Slovenian puppeteer, writer and director. Jože Pengov was born into a family of artists. At twenty, he was a member of a duo that sang and performed sketches on Ljubljana radio where he became an actor and speaker. In 1938, he joined the Pavliha company (name of a character invented by the anthropologist Niko Kuret) through which he performed glove puppet shows, initially with state radio support and later independently.
In 1950, he became the artistic and executive director of the Municipal Puppet Theatre (now Lutkovno gledališče Ljubljana, Ljubljana Puppet Theatre) which was founded in 1948. He gave his directorial debut with Žogica marogica (The Little Striped Ball, 1951), adapted from the text Miček Fliček by Jan Malík. This show, which was still in the early 21st century repertoire of the Ljubljana Puppet Theatre, prefigured Pengov’s aesthetic. This encompassed stylized string puppets, narration conducted from the perspective of the child, and separation of the voice and manipulation achieved by requiring two actors per puppet. Subsequent performances include a series of adaptations: Mojca in živali (Mojca and the Animals, 1952), Zlata ribica (The Goldfish or Golden Fish, 1953), Obuti maček (Puss in Boots, 1953), which were performed at the festival in Dubrovnik in 1955 Čarobne gosli (The Magic Violin, 1951).
It was also in 1950 that Jože Pengov reintroduced the glove puppet and, on occasion, played the character of Pavliha. However, when he found that state ideology seriously constrained his comedic instincts, Pengov turned away to return to string puppets.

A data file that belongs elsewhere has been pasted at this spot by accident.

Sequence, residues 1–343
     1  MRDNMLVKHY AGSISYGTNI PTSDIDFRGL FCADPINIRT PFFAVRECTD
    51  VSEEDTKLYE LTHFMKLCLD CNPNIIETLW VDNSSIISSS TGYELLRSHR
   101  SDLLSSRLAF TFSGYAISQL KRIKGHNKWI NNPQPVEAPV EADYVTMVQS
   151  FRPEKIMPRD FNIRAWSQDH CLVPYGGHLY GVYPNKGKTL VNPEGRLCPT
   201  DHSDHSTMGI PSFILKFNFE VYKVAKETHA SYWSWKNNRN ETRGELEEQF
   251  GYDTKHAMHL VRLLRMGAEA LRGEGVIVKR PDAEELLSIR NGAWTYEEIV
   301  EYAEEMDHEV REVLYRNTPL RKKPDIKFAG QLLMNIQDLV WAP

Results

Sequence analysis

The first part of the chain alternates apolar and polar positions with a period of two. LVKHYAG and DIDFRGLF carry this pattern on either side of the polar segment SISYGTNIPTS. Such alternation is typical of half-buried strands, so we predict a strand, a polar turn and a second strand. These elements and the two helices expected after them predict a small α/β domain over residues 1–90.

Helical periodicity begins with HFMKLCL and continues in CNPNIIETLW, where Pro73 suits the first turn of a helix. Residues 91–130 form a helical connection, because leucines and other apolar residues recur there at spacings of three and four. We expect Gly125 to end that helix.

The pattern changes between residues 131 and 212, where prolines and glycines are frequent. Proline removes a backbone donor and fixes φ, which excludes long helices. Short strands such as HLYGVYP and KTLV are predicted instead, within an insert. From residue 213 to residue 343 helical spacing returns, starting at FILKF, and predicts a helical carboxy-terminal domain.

In 1957, Jože Pengov participated in the first post-war UNIMA congress held in Prague and was elected onto its executive commitee. The following year, he presented at the first UNIMA festival, held in Bucharest, Zvezdica zaspanka (The Sleepy Little Star, 1958), written by Frane Miličinski–Ježek. Pengov’s artistic conceptions were more apparent in his 1959 production Pinocchio, based on the interpretation by the American Remo Bufano. This string puppet production incorporated projections on a screen of semi-transparent tulle. He would also be inspired by Javanese techniques (see Indonesia, Wayang) for Deček in veter (The Boy and the Wind, 1963) performed in Zagreb, and Volk in kozlički (The Wolf and the Young Goats, 1961). The latter is an adaptation of Jan Grabowski’s play conceived as a mini musical with Javanese puppets and glove puppets, which was performed in Ljubljana.
As he struggled against illness, Jože Pengov mounted his most ambitious productions. These included Sinja ptica (The Blue Bird, 1964) by Maurice Maeterlinck, Mali strah bavbav (The Little Ghost Boogeyboy, 1964) by María Clara Machado, which combined Javanese puppets and actors as puppets. Up until 1968, he experimented with a variety of different techniques in his productions including glove puppets for Dve polnočni zgodbi (Two Midnight Stories) and Tri snežaki (The Three Snowmen) and flat figures for Zavržena knjiga (The Discarded Book). He died before the premiere of Trdoglavček (The Little Woodenhead) of Jan Wilkowski for the Lutkovno gledališče Dravlje (Dravlje Puppet Theatre, today Lutkovno gledališče Jože Pengov).
Jože Pengov is the author of highly technical articles on staging for various journals, including Lutka, as well as translations and adaptations of plays.